…I still passionately believe that we need to reexamine formal education as it’s currently being experienced by our students and that we owe it to our children to do everything we can to improve. If the presentation draws even a few folks into asking questions and getting involved in the conversations either locally or globally, then I’ll consider it a success.

Seen an alternative version of the video here

Read the rest of this entry »


Puma Pounces

February 4, 2009

Puma CityPuma has launched a new retail concept store called “Puma City.”  It consists of 24 steel shipping containers that stack on top of each other to create an 11,000-sq.-ft retail space and lounge area.  It was build to support Puma’s participation in the Volvo Ocean Race and will tour the globe (next stop–Boston,  April 2009).

Smart, innovative, well-designed, and modern.  Great attributes to have associated with your brand.  Puma has found a way to make its brand, products, and retail experience appear to be both exclusive and conveniently located.  Additional photos can be found here.


Data Offered to Google TV Advertisers

February 2, 2009
Now Available With Tracking

Now Available With Tracking

In a move that is likely to make creative and media teams cringe, Google will be offering viewing data to advertisers who have purchased television media time through “Google TV Ads.”

Advertisers who place television advertising via the “Google TV Ads” system can “… be provided impression data for ads that appear during shows that consumers record using a DVR. The data [may] shed light on how frequently specific ads are actually played back or skipped over by DVR users” (read full Google posting here).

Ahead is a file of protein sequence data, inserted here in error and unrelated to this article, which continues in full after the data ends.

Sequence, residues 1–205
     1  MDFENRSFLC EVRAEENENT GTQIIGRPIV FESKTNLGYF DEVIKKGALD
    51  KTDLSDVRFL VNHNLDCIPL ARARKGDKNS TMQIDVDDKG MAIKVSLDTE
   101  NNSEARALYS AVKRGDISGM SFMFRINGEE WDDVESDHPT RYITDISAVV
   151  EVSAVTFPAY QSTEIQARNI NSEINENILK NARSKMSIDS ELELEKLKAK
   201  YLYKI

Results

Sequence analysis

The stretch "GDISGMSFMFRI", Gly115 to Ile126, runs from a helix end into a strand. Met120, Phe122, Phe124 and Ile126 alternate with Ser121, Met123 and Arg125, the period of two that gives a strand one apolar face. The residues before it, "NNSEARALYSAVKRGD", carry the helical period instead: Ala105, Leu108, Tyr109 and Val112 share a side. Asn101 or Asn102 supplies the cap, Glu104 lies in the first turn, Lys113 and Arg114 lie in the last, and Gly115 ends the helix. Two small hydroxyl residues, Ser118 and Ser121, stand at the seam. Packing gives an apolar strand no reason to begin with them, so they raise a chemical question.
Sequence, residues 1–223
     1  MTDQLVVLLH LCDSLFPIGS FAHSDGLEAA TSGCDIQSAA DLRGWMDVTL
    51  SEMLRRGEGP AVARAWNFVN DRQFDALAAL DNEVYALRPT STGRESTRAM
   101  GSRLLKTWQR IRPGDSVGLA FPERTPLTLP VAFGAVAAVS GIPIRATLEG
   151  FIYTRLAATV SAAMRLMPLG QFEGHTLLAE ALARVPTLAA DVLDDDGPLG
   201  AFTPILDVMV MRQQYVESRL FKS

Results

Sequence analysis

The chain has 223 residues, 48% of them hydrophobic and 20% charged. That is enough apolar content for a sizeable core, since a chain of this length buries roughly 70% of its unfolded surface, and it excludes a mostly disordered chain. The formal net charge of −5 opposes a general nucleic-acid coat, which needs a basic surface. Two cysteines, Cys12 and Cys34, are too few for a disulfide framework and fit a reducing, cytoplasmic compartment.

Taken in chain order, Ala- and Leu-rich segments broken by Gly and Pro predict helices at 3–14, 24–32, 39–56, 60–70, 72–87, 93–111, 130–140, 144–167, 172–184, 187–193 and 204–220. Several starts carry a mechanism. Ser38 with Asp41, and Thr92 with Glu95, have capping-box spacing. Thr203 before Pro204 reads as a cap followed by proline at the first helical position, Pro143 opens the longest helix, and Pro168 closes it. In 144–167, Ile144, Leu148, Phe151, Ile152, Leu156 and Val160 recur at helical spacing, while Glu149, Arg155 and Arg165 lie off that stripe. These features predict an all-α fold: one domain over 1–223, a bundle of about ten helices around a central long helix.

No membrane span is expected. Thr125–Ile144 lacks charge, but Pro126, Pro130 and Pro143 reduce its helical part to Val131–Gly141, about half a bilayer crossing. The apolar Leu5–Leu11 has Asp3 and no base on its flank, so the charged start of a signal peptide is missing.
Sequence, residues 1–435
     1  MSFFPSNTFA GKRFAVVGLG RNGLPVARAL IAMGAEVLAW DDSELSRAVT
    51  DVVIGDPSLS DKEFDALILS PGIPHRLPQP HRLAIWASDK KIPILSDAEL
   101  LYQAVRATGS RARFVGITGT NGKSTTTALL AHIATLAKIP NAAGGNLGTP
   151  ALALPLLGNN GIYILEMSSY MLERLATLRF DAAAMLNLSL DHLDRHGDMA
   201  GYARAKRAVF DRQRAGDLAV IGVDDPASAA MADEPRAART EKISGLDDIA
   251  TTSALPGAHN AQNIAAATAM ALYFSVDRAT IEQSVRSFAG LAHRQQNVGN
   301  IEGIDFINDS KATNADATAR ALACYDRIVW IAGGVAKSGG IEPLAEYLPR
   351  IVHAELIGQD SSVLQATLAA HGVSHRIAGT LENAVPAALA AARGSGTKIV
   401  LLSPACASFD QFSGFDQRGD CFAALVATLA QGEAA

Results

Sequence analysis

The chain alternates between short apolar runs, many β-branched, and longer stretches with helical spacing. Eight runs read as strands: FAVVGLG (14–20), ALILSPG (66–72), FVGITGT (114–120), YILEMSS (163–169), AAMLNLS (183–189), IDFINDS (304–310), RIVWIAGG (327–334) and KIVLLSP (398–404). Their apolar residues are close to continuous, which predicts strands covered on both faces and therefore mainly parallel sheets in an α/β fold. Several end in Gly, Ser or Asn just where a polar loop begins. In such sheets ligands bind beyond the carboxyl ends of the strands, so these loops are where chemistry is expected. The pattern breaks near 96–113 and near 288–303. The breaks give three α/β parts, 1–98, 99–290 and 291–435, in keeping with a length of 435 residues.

Advertisers could use such data to determine which creative spots are less prone to fast-forwarding and which networks perform better for certain brands.

Although Google TV represents only a small percentage of the overall television audience, this move represents another shift in the measurability of advertising effectiveness.  Agencies would be well advised to continue leading the discussions with clients on the most effective ways to invest their media dollars, and the messages that resonante with their target audience.


Maybe Print Isn’t Dead?

February 2, 2009

Blogger Gate

I ran across an interesting article last week in the Start-Ups section of The New York Times. A company in Chicago will be reprinting blog posts on regular paper for free distribution in big cities. The Printed Blog will feature topics diligently covered by locals with advertising surrounding the editorial.

This innovation is a perfect merging of new 2.0 philosophy and tried and true old school media. Because all of the content is “recycled” from bloggers, the weekly will be able to cut one of the biggest expenses that currently have traditional newspapers in a bind – reporters. Instead, they share some of their ad revenue with the bloggers they publish.

It’s a novel idea – especially since advertisers will pay much more for print over online (it’s an even trade off, as they can take advantage of the fact that the papers will be super localized).  Whether The Printed Blog will manage to prove a success, will depend on if the public accepts the bloggers as a dependable source for news and opinion.  These sages of the online world have struggled for validation among professional editorial writers since the web first went 2.0.  Is this newspaper the next step in getting it?  And have advertisers found an effective new media channel?  Guess we’ll just have to wait and see.

The first issues are scheduled to be released tomorrow in San Francisco and Chicago.